Jet Master was also responsible for the sale’s top-priced filly, who sold for R2.2 million to bloodstock agent John Freeman early during Friday’s session.
Offered as lot 169 by Klawervlei Stud, the bay is a half-sister to Jay Peg, and is a full-sibling to last year’s sale topper.

Get to the Point…

West Point Thoroughbreds’ Terry Finley wound up signing for a pair of youngsters over the course of the two days. Having picked up lot 120, a Jay Peg colt from Normandy Stud, for R300,00 Thursday night in partnership with Kip Elser, Finley successfully bid R600,000 for lot 260, a Var colt consigned by Klipdrif Stud.
“Kip called me after the holidays and said he’d been coming here for a few years, and suggested I make the trip,” Finley explained. “We’ve been to sales in Dubai, Ireland and Hong Kong, and I may be going to Argentina in April. It’s always good to meet people from around the world.”
Thursday’s purchase will be offered to West Point’s investors, but the Var colt already has a deal in place. Both will join the yard of trainer Dean Kannermeyer.
“We’ll syndicate the Jay Peg,” Finley confirmed. The Var, we were seated at the table with Peter Doyle, and I’d met his brother before. So we decided to be partners in this colt.”
Finley applauded the sales company’s efforts.
“There’s a lot of energy here; they’re really thinking out of the box,” he said. “In meeting everyone here, you realize that they really want to be players, on the international scale, and important people in the industry and agents are starting to take notice.”
Finley described his purchases as “good-boned, athletic, and vetted well.” He added, “They’re similar to the type of horses we buy at home. The yearlings aren’t really as prepped as you might be used to, but you have to remember, these horses are bred to run.
Obviously, the purses aren’t as strong here, and labour isn’t as big a factor as at home. We try not to be too aggressive with our horses, and we’re really looking for soundness.”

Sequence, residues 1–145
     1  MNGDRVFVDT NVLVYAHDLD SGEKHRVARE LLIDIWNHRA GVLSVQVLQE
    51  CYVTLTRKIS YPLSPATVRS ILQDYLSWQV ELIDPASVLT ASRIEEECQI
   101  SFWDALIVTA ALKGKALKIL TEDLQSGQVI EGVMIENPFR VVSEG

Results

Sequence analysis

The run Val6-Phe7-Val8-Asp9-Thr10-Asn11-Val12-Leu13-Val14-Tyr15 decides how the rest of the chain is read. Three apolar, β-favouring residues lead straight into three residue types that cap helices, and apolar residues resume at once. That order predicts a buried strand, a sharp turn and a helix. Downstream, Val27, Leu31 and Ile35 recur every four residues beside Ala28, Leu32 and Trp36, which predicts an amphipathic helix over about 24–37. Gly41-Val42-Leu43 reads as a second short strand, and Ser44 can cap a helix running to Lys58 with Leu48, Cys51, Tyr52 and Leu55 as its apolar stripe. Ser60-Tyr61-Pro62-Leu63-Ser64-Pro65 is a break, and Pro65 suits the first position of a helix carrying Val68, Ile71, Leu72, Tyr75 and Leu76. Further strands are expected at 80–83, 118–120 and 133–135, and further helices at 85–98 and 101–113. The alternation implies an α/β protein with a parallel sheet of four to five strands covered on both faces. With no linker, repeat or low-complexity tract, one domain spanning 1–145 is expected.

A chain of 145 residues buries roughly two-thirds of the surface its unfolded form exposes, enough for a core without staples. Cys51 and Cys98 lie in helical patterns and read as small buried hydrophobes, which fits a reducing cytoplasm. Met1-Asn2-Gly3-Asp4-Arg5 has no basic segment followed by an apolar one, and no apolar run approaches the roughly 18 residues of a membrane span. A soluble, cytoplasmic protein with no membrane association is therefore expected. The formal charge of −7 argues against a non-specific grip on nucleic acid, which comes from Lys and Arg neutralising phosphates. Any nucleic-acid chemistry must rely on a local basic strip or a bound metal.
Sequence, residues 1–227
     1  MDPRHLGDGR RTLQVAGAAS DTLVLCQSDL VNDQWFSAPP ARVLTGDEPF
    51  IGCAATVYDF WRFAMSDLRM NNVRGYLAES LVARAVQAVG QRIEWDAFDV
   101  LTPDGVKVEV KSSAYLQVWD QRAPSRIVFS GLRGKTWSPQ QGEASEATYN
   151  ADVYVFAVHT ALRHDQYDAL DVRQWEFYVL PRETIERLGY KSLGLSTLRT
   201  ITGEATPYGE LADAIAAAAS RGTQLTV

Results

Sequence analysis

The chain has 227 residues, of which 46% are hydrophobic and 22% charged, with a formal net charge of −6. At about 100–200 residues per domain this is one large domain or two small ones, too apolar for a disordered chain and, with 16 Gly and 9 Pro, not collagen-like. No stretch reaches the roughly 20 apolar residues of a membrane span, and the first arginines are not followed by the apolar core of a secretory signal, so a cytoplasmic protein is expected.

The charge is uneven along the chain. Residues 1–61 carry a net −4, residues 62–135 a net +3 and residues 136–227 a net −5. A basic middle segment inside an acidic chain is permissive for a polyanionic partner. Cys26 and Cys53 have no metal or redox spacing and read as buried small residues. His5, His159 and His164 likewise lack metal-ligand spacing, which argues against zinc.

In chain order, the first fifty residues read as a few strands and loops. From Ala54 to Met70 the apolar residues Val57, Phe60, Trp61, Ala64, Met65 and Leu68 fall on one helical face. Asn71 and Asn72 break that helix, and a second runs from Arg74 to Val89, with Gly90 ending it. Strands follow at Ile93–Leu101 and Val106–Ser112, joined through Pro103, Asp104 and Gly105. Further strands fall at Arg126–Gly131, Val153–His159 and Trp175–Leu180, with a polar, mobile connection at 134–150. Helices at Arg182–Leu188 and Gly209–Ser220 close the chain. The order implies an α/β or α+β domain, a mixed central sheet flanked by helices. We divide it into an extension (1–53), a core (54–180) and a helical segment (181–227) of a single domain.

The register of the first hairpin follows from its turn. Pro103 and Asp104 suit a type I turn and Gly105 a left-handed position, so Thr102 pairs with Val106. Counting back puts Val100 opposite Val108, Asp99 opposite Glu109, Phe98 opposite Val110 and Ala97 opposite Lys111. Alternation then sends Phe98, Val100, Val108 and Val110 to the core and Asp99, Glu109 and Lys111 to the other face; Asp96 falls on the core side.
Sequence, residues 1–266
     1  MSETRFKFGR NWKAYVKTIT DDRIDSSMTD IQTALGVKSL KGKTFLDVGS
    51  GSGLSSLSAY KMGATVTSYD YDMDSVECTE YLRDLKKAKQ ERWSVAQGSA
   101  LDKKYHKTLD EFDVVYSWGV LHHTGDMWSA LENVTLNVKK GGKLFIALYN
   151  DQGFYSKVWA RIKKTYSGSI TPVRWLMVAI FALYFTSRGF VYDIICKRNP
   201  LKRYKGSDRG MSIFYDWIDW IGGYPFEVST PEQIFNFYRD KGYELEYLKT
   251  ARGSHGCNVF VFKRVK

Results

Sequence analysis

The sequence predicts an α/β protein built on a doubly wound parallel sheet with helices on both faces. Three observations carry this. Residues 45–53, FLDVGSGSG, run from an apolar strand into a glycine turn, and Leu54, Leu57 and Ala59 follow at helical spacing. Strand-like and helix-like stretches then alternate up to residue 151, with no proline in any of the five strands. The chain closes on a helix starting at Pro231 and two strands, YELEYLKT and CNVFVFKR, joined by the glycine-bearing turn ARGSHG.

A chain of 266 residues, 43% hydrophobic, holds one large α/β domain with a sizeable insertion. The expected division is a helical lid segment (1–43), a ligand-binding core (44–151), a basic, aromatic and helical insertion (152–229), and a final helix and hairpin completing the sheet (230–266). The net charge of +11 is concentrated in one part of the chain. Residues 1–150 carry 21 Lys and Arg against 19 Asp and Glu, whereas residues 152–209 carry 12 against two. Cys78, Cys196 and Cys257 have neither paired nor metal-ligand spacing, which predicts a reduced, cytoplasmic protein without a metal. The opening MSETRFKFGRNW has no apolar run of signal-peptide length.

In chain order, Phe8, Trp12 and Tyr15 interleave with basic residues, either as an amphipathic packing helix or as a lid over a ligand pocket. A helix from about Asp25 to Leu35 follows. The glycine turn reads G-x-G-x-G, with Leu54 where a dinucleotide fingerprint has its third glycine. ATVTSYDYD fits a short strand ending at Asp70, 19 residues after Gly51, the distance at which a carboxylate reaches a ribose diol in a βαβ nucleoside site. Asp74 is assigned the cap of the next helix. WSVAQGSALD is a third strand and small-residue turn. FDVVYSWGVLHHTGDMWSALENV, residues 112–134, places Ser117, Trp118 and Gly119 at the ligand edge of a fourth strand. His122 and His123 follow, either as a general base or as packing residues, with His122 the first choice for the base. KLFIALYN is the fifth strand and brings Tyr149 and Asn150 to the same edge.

Numbers Game…

At the end of Friday’s trade, Cape Thoroughbred Sales CEO Robin Bruss was satisfied with the result. “It mirrored those brought at last year’s sale,” he said. “One positive aspect has been the number of new buyers from overseas. I’m also thrilled to see the ownership syndicates showing an interest, with West Point and a pinhooker like Kip Elser. They see horses as value for money and can perceive them as being on an upward cycle.”
Over the course of the two-day sale, 238 yearlings sold from 294 head offered. The gross was R106,845,000. The average was R403,151 and the median was R300,000.
In the wake of Black Caviar’s victory ahead of Friday’s session, Bruss laid down an interesting gauntlet.
“In Val de Ra (Var), I think we have the fastest female sprinter in the world,” he stated. “Val de Ra has won 11 of 12 starts, and beaten the best males around. Last week, she won the G1 Cape Flying Championship, defeating J J the Jet Plane by five lengths. ‘JJ’ won the G1 Hong Kong Sprint and the Group 2 in Dubai on World Cup night, and is ranked as the fastest male sprinter in the world.
“I think it would be an astounding race between her and Black Caviar. But the only way for that to happen is to put a stop to those who put barriers on South African horses, and to let the horses prove it on the racetrack.”